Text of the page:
Investing in Your Writing

As a young writer, I used to set a rather simple writing goal: spend at least $500 per year to grow my skills as a writer.  In the early days, at the age of 17, I bought my first used typewriter, purchased some writing books from the university, and then got a subscription to some writing magazines.  Most of those were very good investments.  Yeah, I never published a thing that I wrote on that old typewriter, but it was good practice, and a couple of years later when I bought my first Macintosh, I learned how much better a computer could be.

In college, instead of just reading books, I began to take classes: writing poetry, short stories, editing, reading literature, and so on, and my $500-per-year writing habit probably consumed more than its allotment, but then I hadn’t been spending my investment money while I was a young missionary.  I also began taking the occasional workshop.

I soon began spending some of my money on research books and magazines—getting half a dozen subscriptions, and purchasing books in addition to those that I checked out of the libraries.

When I began writing my first novels, I also added a bit of travel into the mix to do research, going first to England and Scotland, then eventually taking off to places like South America, Australia, and Asia.  Some years I spend much more than that original $500, some less.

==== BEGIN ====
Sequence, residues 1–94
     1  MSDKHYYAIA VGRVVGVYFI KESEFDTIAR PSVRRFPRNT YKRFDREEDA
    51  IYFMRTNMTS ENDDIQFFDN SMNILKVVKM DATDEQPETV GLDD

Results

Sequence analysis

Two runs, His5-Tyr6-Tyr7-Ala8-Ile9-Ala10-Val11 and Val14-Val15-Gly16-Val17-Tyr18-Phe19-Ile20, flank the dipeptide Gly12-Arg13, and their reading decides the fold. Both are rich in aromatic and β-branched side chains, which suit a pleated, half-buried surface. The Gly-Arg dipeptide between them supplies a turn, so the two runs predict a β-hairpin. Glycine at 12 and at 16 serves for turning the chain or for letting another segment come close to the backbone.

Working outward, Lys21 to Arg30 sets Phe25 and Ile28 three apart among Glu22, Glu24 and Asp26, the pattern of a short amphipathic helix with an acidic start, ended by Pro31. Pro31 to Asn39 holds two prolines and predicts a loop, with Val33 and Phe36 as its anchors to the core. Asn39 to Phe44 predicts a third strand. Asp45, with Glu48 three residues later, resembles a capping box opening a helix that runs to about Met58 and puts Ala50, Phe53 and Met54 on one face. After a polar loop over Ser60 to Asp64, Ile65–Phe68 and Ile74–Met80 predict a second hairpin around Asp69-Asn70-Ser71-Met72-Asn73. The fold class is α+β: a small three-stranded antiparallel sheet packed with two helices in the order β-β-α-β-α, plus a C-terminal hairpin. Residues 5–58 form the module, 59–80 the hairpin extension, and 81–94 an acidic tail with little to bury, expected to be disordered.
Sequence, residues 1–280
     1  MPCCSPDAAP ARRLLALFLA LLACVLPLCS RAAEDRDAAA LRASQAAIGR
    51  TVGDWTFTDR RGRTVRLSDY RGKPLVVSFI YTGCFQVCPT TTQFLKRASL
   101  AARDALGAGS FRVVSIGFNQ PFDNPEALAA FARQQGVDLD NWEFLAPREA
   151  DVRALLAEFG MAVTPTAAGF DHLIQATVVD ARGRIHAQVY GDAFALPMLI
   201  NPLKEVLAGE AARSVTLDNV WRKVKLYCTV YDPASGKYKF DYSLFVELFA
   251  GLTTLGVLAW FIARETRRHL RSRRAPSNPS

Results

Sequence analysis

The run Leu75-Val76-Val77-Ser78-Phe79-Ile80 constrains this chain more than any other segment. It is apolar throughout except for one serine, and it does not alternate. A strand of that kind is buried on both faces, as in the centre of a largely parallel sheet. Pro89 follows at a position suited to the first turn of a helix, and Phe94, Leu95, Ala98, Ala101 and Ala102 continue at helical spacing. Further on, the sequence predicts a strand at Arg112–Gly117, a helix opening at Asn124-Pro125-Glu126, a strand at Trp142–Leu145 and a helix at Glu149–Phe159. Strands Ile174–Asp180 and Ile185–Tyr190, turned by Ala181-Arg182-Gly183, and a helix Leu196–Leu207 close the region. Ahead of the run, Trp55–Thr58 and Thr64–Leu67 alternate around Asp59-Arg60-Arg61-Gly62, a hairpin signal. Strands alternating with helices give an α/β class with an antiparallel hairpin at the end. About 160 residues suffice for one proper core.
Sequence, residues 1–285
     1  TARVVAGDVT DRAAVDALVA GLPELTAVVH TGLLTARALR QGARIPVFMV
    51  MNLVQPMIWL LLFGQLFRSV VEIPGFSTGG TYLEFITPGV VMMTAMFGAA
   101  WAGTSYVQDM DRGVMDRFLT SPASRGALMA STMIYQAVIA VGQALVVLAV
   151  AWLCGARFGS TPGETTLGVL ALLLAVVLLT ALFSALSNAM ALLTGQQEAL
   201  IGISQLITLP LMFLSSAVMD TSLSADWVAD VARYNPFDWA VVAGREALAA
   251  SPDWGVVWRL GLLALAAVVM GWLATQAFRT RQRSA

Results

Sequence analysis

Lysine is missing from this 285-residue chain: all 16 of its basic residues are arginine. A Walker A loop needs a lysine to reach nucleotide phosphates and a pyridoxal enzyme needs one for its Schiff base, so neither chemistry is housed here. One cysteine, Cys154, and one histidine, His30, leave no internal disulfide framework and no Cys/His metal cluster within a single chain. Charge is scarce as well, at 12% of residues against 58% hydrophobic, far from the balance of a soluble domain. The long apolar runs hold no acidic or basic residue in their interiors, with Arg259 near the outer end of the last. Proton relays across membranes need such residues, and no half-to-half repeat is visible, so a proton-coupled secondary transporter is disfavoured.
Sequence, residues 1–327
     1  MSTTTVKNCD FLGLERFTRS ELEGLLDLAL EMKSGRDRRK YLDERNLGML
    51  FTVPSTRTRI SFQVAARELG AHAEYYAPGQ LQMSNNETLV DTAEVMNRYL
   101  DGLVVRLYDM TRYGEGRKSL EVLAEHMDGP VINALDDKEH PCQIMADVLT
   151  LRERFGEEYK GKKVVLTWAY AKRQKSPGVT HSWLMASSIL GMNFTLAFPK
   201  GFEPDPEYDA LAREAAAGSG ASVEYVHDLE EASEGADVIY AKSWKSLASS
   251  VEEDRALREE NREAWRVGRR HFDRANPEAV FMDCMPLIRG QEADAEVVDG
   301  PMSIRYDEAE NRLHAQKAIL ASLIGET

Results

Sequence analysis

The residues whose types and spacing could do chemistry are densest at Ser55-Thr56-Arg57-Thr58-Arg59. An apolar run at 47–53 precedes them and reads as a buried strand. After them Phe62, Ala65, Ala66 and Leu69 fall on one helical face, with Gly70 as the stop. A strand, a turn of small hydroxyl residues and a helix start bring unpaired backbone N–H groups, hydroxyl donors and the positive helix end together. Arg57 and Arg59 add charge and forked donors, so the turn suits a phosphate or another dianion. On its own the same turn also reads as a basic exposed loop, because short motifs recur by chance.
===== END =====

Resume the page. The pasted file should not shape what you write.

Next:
I mention this because it is Cyber Monday.  I just bought myself some new writing software that I’ve been wanting (I keep thinking about getting Scrivener and Scapple, and finally did it—at half price).  I also bought some more books on writing, got a hotel for an upcoming trip, and I am looking at heading to Europe again in the summer to do a bit more research on castles and whatnot.  I’m going to look into Norway and Sweden this time.

So, what has my $500 per year gotten me?  Well, I’ve learned my craft fairly well.  I have a nice library of research books, plenty of software, and several computers, in case one ever breaks down.  I’ve visited many of the places in the world that intrigue me.  I financed an entire education.  I started a career some 30 years ago, which has earned me several million dollars, from writing, editing, and mentoring others.

A certain part of me says, “Hey, Dave, you should give some advice on writing today.”  But given the great sales going on in software, electronics, travel, books, and so on, this just seems timely.

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